SECURITY OF CLAIMS IN MATTERS OF INTELLECTUAL PROPERTY
Intellectual property matters require the parties to react quickly to the actions of entities infringing their rights and to efficiently defend allegations of infringement of someone else’s rights. Conducting a dispute before a court, despite the statistical speed of the proceedings (the average duration of intellectual property proceedings in the first quarter of 2022 was 3.2 months), may prevent an entrepreneur from running a business and obtaining income. Therefore, it is important to take quick and effective action, both when another person copies our solutions and when we are accused of such action.
APPLICATION FOR SECURITY OF CLAIMS
If a competitor uses your trademark, industrial design or other subject of intellectual property rights without your consent (e.g. without a license agreement), it would be reasonable to apply for securing the claims for the duration of the main court proceedings. Thanks to this, your competitor may not continue to infringe your rights during (or even before) litigation before the court. It is important that such an application is submitted by a person who has a legal interest in securing it, so it can be both the trademark owner and its licensee.
The application for securing the claim itself must indicate the manner of the security and substantiate the circumstances justifying the application. After the Court approves the application, the party is set a time limit for filing the main claim, which may not exceed two weeks. If the party does not bring a claim for the protection of its intellectual property right within that period, the security is canceled and therefore is no longer valid.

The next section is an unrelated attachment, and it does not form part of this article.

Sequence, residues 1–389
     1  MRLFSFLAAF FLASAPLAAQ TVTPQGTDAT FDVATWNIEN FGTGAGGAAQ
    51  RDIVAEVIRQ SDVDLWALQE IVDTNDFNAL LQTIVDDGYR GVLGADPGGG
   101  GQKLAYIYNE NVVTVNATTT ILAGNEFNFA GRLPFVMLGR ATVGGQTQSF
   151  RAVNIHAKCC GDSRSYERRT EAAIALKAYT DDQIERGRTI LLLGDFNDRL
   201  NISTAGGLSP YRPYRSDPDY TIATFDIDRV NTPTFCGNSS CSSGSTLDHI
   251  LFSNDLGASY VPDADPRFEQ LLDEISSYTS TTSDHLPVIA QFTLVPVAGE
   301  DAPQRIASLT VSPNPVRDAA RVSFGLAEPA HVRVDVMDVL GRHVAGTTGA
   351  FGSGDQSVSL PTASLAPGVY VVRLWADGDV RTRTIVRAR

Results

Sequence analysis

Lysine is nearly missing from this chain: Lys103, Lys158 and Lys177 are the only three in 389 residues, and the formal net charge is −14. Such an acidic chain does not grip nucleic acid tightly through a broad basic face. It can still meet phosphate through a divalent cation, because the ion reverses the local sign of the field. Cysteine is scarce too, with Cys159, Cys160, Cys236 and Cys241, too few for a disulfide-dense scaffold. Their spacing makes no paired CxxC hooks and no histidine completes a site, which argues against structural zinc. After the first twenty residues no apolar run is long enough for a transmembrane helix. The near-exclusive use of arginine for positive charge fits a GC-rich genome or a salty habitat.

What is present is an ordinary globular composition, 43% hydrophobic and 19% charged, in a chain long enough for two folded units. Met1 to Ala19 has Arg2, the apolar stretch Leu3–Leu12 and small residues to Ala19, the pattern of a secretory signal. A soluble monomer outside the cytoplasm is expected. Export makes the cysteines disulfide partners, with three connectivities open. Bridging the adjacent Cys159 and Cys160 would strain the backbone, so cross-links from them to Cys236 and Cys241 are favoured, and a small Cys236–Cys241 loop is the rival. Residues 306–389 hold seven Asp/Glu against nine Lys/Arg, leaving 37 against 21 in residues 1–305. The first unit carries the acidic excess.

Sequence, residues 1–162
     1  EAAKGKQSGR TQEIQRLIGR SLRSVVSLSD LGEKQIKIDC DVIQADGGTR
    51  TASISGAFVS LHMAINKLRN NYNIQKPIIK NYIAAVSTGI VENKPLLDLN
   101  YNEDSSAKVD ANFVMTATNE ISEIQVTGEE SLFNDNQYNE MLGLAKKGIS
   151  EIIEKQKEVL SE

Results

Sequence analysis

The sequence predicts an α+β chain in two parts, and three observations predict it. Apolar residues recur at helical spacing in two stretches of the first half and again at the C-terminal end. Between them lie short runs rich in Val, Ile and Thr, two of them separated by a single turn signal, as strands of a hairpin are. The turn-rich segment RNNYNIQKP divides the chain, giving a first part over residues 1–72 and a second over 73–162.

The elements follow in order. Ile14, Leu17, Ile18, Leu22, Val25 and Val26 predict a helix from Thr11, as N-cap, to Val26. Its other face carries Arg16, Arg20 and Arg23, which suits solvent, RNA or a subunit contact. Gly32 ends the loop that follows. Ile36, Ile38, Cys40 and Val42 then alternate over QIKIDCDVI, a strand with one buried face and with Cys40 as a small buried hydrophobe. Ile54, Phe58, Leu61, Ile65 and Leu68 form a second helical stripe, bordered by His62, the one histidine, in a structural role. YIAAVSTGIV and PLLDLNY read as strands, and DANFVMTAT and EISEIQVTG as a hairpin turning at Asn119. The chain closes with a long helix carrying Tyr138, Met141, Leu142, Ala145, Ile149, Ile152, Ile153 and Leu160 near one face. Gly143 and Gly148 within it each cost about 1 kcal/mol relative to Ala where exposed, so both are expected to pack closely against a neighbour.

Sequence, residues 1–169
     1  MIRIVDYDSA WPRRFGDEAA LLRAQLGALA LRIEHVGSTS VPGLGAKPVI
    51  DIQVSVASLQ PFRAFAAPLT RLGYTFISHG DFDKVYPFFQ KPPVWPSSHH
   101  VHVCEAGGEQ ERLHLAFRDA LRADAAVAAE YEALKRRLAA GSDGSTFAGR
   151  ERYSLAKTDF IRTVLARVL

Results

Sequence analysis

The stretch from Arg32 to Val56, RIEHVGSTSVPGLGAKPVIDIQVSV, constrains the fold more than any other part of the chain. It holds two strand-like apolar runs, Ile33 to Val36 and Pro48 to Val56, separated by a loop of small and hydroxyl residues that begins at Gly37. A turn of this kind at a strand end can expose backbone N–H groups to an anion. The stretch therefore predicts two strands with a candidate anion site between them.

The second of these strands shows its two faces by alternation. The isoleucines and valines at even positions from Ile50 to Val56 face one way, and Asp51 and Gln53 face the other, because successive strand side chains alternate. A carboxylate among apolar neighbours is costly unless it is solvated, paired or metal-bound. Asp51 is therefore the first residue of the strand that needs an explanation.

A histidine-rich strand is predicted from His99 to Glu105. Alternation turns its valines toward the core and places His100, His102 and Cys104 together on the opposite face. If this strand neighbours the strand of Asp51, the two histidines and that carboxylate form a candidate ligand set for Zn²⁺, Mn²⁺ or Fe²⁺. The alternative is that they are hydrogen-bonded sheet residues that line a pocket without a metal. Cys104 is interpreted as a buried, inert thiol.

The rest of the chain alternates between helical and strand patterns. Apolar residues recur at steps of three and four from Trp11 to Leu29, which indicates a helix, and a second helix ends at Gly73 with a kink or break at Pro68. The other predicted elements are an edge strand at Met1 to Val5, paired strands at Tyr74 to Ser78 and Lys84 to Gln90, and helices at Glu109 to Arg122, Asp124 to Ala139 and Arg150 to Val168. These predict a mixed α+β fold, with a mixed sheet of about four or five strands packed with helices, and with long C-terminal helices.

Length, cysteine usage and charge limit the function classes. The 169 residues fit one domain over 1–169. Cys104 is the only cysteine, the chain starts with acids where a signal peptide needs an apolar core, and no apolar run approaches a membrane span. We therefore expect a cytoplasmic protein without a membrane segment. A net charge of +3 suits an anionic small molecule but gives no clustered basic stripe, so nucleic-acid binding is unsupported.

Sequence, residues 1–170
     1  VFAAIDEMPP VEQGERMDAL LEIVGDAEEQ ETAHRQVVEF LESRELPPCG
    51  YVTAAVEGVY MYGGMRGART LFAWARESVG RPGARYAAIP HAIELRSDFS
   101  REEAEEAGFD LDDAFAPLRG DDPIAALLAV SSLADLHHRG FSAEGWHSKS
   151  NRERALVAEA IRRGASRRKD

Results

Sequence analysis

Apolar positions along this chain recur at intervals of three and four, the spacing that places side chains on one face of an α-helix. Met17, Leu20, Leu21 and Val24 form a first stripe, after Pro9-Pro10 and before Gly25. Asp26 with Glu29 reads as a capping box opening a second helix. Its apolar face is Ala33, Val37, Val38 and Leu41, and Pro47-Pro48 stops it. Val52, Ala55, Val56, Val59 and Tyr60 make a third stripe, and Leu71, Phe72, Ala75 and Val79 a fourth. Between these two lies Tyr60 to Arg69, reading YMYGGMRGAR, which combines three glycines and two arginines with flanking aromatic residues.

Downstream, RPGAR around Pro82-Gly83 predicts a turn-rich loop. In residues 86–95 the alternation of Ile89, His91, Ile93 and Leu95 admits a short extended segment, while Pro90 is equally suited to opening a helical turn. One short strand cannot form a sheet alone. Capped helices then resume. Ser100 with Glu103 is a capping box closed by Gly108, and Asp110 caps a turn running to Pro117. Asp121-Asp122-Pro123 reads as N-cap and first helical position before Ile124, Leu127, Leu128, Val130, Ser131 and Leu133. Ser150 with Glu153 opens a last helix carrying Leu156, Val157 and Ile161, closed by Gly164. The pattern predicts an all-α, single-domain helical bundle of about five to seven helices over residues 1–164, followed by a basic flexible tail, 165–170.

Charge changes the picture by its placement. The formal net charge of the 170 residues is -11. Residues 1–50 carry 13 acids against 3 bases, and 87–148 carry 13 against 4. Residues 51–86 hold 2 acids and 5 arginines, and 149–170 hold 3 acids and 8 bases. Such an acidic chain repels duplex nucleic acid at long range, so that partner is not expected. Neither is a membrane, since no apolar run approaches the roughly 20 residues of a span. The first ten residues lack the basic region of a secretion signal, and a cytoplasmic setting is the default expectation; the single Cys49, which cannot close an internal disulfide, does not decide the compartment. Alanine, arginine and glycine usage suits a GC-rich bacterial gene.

CLAIM LETTER – DEFENSE AGAINST AN EXPECTED REQUEST FOR SECURITY
Under the current law, the courts when considering applications for securing claims do not wait for the statement of the other party. They issue orders on granting a security or dismissing the application without summoning the party on which the restrictions on functioning on the market are to be imposed (e.g. prohibition to use a trademark). On the one hand, such a situation is unfair for entrepreneurs who are unable to comment on the matter and are therefore exposed to losses, on the other hand, it is a very good way to actually secure the rights of those entrepreneurs whose rights are violated.
In practice, in order to protect the client against an unfair application for security, legal advisers and patent attorneys dealing with intellectual property matters submit the so-called barrier letters or protective letters. These are letters, the submission of which is not provided for by the Code of Civil Procedure, but some representatives of the judiciary recognize the legitimacy of submitting them.
Such a letter is submitted when the dispute is still pending between the parties at the pre-trial stage, e.g. notices to cease violations are exchanged. If, as a result of such a dispute, the entrepreneur decides that the dispute has not been resolved and he is afraid that the opponent will submit an application to the court, which will deprive him of the possibility of placing certain products on the market or using the logo, he may submit such a preventive letter in which will present his position on.
Currently, it is postulated in favor of introducing this type of procedural act into the Code of Civil Procedure. Certainly, regulating the rules for submitting such letters and the procedure for their examination will allow for effective defense against unfair competitors.
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